Diffuse reflectance spectroscopy (DRS) is a probe-based spectral biopsy technique used in cancer studies to quantify tissue reduced scattering (μs') and absorption (μa) coefficients and vary in source-detector separation (SDS) to fine-tune sampling depth. In subcutaneous murine tumor allografts or xenografts, a key design requirement is ensuring that the source light interrogates past the skin layer into the tumor without significantly sacrificing signal-to-noise ratio (target of ≥15 dB). To resolve this requirement, a DRS probe was designed with four SDSs (0.75, 2.00, 3.00, and 4.00 mm) to interrogate increasing tissue volumes between 450 and 900 nm. The goal was to quantify percent errors in extracting μa and μs', and to quantify sampling depth into subcutaneous Balb/c-CT26 colon tumor allografts. Using an optical phantom-based experimental method, lookup-tables were constructed relating μa,μs', diffuse reflectance, and sampling depth. Percent errors were <10 % and 5% for extracting μa and μs', respectively, for all SDSs. Sampling depth reached up to 1.6 mm at the first Q-band of hemoglobin at 542 nm, the key spectral region for quantifying tissue oxyhemoglobin concentration. This work shows that the DRS probe can accurately extract optical properties and the resultant physiological parameters such as total hemoglobin concentration and tissue oxygen saturation, from sufficient depth within subcutaneous Balb/c-CT26 colon tumor allografts. Methods described here can be generalized for other murine tumor models. Future work will explore the feasibility of the DRS in quantifying volumetric tumor perfusion in response to anticancer therapies.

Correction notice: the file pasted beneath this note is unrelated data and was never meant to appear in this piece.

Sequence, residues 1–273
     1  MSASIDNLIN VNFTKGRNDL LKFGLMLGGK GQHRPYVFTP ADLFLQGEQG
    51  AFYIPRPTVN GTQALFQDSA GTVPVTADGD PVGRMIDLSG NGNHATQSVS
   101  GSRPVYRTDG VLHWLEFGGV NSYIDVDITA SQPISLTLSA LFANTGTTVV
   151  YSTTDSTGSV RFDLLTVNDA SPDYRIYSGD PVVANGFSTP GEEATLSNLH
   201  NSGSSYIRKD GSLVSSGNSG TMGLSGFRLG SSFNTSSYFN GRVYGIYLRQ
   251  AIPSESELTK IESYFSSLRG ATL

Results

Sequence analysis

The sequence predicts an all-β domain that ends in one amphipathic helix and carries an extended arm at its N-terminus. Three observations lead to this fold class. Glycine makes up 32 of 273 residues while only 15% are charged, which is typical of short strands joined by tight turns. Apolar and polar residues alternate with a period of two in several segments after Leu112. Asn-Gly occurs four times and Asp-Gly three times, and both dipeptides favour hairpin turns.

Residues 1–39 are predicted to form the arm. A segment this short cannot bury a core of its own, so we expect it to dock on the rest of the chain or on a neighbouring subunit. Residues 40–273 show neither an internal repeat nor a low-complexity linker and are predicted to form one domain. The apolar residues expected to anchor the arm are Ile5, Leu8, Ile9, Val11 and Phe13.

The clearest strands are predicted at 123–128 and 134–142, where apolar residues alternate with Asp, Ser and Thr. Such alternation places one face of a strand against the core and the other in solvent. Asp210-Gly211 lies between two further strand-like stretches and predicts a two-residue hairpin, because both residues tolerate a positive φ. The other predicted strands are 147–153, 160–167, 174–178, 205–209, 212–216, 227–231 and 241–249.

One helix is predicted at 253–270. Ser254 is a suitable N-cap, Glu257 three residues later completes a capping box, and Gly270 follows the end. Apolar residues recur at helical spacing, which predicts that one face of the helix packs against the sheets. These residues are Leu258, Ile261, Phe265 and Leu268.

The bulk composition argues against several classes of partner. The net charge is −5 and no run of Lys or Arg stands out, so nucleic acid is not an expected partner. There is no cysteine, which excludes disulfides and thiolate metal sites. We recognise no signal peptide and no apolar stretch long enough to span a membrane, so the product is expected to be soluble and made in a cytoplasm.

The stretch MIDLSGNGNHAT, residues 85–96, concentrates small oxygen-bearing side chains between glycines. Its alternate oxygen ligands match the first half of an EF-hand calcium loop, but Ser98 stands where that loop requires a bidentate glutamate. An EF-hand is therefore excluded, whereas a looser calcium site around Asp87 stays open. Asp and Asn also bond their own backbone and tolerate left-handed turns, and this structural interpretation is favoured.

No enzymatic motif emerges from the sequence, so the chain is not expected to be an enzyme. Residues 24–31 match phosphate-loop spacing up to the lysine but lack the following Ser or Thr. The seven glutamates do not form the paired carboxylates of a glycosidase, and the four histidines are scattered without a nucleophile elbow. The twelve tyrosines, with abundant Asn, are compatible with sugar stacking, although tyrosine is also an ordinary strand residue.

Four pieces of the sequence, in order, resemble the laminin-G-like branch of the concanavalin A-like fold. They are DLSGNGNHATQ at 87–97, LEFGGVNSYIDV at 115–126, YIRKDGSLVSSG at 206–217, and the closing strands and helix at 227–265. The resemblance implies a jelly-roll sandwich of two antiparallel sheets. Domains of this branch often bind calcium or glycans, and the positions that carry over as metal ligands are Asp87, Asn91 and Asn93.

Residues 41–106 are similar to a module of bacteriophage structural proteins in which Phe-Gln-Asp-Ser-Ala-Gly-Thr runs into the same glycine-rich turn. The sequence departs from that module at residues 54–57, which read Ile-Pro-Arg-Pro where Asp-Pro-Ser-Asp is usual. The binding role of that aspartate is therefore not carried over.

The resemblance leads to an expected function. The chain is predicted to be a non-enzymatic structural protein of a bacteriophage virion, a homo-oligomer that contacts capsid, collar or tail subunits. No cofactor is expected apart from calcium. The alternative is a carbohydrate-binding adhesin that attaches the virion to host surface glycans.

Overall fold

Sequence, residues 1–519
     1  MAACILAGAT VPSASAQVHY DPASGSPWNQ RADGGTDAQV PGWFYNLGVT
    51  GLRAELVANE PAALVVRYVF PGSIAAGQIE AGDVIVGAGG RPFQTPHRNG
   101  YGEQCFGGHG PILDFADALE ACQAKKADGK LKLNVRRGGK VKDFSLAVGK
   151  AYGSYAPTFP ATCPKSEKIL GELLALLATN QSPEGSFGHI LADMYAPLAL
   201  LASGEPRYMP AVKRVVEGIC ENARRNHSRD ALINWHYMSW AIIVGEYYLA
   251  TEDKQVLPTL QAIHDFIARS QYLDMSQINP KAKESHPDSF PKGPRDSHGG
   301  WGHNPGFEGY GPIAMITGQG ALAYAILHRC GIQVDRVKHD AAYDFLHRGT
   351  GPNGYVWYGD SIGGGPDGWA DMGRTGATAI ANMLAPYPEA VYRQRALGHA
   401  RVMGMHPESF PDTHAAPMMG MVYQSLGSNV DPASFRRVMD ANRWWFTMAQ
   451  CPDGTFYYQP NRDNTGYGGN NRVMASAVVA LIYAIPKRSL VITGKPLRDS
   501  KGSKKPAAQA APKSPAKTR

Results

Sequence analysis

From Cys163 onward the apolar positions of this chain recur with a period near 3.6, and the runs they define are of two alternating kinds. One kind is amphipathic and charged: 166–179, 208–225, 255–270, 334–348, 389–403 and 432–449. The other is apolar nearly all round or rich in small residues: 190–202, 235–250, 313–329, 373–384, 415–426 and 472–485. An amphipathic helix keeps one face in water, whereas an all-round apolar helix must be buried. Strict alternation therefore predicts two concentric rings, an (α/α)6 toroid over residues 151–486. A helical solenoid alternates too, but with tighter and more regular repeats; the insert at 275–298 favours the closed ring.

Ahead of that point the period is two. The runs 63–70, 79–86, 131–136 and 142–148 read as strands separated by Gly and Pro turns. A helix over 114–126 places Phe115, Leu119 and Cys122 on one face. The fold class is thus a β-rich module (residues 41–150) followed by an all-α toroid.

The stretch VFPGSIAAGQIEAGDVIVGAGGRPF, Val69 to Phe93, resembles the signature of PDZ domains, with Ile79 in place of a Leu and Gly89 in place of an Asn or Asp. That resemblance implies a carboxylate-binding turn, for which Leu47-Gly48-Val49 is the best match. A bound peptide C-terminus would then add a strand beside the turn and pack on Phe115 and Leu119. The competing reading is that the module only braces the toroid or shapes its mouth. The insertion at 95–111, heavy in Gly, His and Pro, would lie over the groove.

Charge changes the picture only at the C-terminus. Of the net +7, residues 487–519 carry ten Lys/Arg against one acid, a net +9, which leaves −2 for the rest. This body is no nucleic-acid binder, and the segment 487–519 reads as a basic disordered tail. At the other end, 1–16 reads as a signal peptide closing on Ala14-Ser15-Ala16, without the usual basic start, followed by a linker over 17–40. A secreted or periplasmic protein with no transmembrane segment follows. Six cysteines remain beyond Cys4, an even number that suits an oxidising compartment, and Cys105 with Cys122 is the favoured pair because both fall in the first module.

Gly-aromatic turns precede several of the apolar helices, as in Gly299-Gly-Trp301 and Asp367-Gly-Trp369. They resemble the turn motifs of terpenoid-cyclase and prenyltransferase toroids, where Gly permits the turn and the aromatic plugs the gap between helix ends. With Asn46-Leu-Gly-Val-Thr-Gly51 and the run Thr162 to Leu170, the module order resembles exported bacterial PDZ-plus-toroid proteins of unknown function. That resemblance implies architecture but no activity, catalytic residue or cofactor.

Keywords: absorption–scattering coefficient; allograft; diffuse reflectance spectroscopy; hemoglobin; murine subcutaneous tumor; optical properties; sampling depth; tissue oxygen saturation.
(2018) COPYRIGHT Society of Photo-Optical Instrumentation Engineers (SPIE).